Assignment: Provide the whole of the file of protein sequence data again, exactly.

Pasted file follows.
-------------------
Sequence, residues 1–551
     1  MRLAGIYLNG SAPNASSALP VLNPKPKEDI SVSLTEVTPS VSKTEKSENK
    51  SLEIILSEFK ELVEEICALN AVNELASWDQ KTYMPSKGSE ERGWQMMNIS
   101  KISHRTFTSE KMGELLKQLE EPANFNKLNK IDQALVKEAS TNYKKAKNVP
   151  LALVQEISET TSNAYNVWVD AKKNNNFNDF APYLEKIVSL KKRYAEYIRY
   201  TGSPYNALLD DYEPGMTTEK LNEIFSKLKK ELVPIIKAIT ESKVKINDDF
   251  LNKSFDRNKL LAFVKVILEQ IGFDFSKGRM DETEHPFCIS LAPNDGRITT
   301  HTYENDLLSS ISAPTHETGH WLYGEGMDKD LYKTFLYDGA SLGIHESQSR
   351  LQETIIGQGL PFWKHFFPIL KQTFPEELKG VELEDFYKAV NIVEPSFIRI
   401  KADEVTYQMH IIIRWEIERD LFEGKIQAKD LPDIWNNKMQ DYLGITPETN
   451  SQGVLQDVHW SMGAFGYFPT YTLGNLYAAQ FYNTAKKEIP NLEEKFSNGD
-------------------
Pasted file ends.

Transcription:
Sequence, residues 1–551
     1  MRLAGIYLNG SAPNASSALP VLNPKPKEDI SVSLTEVTPS VSKTEKSENK
    51  SLEIILSEFK ELVEEICALN AVNELASWDQ KTYMPSKGSE ERGWQMMNIS
   101  KISHRTFTSE KMGELLKQLE EPANFNKLNK IDQALVKEAS TNYKKAKNVP
   151  LALVQEISET TSNAYNVWVD AKKNNNFNDF APYLEKIVSL KKRYAEYIRY
   201  TGSPYNALLD DYEPGMTTEK LNEIFSKLKK ELVPIIKAIT ESKVKINDDF
   251  LNKSFDRNKL LAFVKVILEQ IGFDFSKGRM DETEHPFCIS LAPNDGRITT
   301  HTYENDLLSS ISAPTHETGH WLYGEGMDKD LYKTFLYDGA SLGIHESQSR
   351  LQETIIGQGL PFWKHFFPIL KQTFPEELKG VELEDFYKAV NIVEPSFIRI
   401  KADEVTYQMH IIIRWEIERD LFEGKIQAKD LPDIWNNKMQ DYLGITPETN
   451  SQGVLQDVHW SMGAFGYFPT YTLGNLYAAQ FYNTAKKEIP NLEEKFSNGD